Speedlinks: 'The Office' Edition

I'm still an old-school guy when it comes to developing projects. I like to keep my ideas on physical surfaces. And without whiteboards in The Cave, we revert to stickies. Like, everywhere.

Today's speedlinks are office-themed; one an actual shoot-in-a-boring-office solution and another to show what can be done with … a lot of stickies.

Speaking of stickies, on my recent trip to San Francisco I saw some pretty creative office window art in the tech buildings downtown. So now my formerly random stickies patterns have similarly evolved into classic 8-bit video game art. Next on the list: Super Mario. Beats the hell out of hiring a decorator.

Today's first link shows what can be done with waaay more stickies, used as a full-length background. I have used them as headshot backgrounds before, but this is much cooler.

Chris Crisman posted about his Philly Mag shoot (cover shown at left) with a time-lapse video and a BTS lighting shot.

The photos were shot for both cover and inside lede for "The List Issue," the results being way above the typical 50 Top Docs crap from our own local citymag. It's a simple concept, executed well.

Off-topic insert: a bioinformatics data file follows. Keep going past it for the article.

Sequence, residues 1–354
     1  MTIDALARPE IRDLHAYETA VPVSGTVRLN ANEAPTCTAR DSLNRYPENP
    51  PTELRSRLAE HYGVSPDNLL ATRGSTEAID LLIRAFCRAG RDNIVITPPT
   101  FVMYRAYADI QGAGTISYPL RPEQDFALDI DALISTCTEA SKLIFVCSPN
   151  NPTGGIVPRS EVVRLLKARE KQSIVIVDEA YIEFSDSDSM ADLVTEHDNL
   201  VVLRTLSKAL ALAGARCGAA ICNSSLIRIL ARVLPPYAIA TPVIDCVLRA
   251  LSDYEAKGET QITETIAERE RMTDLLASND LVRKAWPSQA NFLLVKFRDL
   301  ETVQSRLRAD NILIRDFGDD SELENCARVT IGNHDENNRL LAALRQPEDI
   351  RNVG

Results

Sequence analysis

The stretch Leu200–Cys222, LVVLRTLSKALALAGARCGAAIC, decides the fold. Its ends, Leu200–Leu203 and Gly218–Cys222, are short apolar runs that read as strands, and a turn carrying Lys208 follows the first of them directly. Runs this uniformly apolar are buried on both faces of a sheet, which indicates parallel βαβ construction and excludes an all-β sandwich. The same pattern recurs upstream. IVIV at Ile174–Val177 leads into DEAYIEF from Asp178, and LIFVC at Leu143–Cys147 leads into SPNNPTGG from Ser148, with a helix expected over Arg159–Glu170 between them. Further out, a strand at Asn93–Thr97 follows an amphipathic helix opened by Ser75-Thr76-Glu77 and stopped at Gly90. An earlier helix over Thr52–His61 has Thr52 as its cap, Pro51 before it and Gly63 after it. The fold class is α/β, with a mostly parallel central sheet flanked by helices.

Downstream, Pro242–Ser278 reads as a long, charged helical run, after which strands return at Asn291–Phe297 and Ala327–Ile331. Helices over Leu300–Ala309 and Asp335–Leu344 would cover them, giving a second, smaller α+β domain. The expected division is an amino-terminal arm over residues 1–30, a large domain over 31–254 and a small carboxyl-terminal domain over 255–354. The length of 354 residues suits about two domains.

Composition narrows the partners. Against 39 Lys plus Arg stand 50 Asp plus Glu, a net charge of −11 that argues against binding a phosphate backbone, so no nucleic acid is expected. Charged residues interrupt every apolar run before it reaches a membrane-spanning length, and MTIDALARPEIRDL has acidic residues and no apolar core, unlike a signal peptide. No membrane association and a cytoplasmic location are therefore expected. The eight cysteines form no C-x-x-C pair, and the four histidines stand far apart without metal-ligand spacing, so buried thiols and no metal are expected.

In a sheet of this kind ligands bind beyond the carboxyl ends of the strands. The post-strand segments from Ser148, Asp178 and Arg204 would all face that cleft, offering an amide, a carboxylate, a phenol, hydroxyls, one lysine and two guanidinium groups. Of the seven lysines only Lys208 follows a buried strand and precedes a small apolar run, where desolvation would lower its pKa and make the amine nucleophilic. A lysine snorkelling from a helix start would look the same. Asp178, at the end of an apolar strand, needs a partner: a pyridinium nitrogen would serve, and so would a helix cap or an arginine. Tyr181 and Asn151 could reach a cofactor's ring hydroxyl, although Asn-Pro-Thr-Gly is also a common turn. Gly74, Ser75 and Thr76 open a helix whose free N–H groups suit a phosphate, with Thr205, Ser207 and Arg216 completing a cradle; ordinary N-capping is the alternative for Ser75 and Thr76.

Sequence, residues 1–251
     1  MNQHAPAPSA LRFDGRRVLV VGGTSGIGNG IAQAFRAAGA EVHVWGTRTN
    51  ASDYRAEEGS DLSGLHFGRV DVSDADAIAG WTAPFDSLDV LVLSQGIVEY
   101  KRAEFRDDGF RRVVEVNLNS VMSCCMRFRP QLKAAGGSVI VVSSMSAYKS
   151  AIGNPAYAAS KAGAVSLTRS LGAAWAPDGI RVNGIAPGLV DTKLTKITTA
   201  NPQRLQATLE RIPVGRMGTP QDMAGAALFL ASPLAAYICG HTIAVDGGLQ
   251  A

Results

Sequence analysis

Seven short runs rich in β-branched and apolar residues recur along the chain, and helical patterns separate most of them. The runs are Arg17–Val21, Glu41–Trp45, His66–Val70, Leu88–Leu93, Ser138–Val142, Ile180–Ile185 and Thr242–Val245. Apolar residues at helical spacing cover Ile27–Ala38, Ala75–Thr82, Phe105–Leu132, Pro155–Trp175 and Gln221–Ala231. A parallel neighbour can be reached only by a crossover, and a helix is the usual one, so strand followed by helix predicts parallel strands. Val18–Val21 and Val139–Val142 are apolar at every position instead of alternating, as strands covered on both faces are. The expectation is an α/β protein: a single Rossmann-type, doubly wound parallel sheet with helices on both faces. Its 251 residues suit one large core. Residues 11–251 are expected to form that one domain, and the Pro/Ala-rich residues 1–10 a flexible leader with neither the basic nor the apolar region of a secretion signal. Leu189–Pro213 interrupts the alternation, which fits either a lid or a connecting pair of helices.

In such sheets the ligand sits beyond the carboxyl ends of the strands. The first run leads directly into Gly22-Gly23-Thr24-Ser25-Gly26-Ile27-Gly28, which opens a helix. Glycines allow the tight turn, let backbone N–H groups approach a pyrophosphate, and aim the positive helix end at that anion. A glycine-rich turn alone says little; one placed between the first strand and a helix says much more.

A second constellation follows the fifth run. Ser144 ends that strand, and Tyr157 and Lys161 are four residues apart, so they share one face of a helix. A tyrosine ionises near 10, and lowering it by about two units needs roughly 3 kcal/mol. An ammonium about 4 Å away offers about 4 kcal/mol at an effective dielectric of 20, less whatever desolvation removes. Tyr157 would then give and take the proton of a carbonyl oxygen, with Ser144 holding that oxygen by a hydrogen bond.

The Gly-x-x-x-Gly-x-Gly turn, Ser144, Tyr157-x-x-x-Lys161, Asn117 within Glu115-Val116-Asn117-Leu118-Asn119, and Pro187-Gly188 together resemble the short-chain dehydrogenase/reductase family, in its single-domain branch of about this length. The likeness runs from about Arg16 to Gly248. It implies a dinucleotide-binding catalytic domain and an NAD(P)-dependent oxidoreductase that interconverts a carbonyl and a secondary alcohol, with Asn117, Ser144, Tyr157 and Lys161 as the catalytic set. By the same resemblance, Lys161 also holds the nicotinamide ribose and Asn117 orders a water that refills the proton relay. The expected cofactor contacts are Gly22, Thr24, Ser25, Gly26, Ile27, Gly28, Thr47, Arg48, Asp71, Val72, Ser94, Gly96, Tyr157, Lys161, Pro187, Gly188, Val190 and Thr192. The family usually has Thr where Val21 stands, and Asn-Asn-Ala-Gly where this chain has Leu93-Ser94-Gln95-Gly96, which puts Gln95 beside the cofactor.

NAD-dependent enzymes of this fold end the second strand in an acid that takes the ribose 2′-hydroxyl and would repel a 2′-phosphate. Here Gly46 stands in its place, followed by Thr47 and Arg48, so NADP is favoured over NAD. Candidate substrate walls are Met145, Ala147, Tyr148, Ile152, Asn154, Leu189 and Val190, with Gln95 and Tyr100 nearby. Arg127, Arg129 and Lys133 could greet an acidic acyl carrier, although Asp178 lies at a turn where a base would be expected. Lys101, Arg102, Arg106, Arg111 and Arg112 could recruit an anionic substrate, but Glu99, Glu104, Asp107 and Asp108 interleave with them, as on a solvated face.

Come to think of it, Philly Mag has been kicking butt lately -- with Chris getting a lot of interesting work.

:: Chris Crisman: The List Issue ::


And NYC-based photographer Brad Trent, who appears to practically live in visually boring office environments, posted a couple of before-and-after shots from a recent Barron's shoot.

Brad doesn't get into the lighting on these, just gives his approach to an shooting biz portrait environment that would suck the soul out of a lesser man. I love the way he can walk into just about any environment and make an interesting photo, just by overlaying his signature lighting and approach.

(And given his style, you can assume the lighting is strong ring fill with a hard key light coming in from the side.)

Bonus takeaway: Why is there no ring reflection screaming back at him from the shiny white board? Because the Guy In Tie in the center was almost certainly placed there consciously to act as a human shield. Works for windows, too.

:: Brad Trent: Tiny Sofa and Big Table for Barron's ::


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